Aug 12, 2021
Has the Supreme Court sold out to religion? You could be excused for thinking so if all you had to go on was the hue and cry protesting things the court did last term. And now that furor on the left is growing even more intense in anticipation of a new term with abortion and aid to religious schools on the agenda.
Yet the court’s religion-friendly actions simply reflect the fact that, unlike claims advanced on behalf of some causes embraced by the left, religious free exercise is enshrined in the Constitution’s First Amendment itself along with other basic rights like freedom of speech and freedom of assembly.
The Supreme Court’s most notable religious liberty decision last term was its unanimous June 17 holding in Fulton v. Philadelphia that the city erred in forcing the local Catholic social services agency out of foster care for refusing to place children with same-sex couples.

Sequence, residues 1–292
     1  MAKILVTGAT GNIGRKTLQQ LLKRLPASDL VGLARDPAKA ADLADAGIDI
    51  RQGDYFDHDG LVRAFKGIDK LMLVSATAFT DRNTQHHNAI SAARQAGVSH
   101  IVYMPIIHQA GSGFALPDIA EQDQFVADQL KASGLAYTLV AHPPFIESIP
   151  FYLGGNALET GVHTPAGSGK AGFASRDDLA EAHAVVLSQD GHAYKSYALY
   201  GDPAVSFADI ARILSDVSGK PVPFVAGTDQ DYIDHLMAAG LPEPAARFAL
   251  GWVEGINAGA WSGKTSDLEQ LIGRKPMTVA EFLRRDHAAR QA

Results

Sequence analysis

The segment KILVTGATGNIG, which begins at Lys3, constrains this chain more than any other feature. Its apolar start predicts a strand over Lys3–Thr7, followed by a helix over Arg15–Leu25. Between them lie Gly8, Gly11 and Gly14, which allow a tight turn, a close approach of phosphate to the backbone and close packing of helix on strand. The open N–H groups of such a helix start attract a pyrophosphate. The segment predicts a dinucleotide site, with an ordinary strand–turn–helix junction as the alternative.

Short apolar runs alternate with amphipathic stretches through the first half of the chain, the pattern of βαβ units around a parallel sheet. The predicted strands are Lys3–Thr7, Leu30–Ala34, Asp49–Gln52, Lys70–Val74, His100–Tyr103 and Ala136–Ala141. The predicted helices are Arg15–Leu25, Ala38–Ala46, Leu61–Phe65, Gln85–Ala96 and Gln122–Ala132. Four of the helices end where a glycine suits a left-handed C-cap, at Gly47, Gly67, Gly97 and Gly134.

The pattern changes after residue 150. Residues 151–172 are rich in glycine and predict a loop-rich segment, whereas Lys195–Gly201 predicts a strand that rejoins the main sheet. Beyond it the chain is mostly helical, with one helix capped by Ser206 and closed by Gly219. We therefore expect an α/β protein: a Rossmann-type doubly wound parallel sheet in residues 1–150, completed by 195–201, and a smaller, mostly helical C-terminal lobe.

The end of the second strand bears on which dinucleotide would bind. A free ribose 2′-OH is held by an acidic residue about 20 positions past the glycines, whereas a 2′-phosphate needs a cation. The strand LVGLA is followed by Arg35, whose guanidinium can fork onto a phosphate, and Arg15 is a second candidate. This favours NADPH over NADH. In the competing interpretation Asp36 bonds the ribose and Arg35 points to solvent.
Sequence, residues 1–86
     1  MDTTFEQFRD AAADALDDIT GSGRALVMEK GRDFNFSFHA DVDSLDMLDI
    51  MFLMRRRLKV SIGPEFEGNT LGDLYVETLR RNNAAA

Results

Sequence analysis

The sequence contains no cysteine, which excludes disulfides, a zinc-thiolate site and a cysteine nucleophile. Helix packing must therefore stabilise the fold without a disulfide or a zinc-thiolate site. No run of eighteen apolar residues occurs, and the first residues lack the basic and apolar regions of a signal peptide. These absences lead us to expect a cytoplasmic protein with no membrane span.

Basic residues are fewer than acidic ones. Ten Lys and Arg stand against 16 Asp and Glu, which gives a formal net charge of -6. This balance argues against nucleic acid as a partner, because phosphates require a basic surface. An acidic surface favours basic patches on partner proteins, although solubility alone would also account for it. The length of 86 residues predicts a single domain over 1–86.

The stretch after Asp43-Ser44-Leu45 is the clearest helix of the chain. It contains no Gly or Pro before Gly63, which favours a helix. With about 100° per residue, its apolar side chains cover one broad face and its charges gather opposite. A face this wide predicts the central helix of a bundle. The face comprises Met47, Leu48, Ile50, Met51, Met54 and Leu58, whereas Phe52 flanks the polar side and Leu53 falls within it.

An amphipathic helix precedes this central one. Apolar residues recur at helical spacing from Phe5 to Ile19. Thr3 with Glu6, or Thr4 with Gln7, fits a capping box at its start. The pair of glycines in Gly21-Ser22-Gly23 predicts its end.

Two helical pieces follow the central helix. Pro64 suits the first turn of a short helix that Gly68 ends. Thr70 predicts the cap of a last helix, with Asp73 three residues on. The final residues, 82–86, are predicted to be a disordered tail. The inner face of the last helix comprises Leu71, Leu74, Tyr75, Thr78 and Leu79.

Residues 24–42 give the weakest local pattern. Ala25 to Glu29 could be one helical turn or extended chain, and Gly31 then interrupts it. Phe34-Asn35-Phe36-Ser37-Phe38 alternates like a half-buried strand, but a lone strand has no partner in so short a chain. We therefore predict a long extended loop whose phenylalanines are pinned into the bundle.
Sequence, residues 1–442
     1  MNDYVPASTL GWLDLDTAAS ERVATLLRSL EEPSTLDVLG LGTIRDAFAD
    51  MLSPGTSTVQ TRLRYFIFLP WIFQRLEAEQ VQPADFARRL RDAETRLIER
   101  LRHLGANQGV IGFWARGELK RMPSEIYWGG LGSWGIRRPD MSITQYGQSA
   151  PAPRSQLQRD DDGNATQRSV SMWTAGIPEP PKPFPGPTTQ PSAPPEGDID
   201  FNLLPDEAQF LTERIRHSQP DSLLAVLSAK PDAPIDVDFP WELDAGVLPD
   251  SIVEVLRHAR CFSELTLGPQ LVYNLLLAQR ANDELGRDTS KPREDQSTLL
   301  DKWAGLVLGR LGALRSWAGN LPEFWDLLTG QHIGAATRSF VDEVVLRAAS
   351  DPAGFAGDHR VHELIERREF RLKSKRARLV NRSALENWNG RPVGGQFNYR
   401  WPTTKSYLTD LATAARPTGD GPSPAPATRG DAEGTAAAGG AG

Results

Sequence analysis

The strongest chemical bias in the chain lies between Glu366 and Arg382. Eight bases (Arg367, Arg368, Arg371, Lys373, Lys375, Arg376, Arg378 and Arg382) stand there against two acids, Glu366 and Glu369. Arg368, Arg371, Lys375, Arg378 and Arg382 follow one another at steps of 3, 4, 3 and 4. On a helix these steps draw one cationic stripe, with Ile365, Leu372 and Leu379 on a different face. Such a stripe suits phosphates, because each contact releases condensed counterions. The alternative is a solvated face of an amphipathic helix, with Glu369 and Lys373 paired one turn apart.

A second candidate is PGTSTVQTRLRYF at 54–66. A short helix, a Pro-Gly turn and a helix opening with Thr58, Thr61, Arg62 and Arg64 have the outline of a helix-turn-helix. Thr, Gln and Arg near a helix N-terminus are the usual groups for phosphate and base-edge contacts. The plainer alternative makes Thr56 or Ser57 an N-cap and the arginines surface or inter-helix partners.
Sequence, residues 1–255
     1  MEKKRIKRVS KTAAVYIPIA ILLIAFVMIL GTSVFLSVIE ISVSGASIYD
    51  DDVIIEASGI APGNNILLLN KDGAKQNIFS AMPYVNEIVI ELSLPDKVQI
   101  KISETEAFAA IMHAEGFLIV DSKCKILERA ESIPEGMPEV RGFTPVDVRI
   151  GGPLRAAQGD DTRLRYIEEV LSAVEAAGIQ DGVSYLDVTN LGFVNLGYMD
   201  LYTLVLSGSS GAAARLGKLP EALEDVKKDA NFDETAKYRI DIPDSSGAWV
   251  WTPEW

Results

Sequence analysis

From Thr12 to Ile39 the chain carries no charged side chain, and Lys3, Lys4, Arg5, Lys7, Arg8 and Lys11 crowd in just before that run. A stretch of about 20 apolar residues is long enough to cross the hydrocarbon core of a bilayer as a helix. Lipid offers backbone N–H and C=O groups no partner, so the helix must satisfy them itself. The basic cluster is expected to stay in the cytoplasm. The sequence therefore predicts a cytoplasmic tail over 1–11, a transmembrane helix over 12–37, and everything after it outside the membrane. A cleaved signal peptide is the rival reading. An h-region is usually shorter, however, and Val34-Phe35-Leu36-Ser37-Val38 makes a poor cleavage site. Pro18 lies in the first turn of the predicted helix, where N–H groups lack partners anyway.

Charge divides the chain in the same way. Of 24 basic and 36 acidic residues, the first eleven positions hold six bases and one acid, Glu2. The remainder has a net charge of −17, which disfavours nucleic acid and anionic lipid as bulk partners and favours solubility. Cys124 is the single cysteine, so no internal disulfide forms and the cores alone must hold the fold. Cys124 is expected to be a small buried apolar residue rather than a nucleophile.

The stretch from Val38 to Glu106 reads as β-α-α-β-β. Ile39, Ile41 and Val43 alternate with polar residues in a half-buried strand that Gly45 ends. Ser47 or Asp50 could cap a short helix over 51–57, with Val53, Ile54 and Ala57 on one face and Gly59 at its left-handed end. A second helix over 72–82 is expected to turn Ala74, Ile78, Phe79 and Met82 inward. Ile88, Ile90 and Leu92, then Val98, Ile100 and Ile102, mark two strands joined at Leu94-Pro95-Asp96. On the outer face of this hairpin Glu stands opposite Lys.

But by no means was that the only case in which the justices came down on religion’s side. Several times they reversed pandemic-related government restrictions on religious services tougher than those imposed on commercial enterprises. And at term’s end they overturned a lower court decision upholding efforts to force Amish farmers in Minnesota to use modern technology--contrary to their religious convictions--to dispose of wastewater.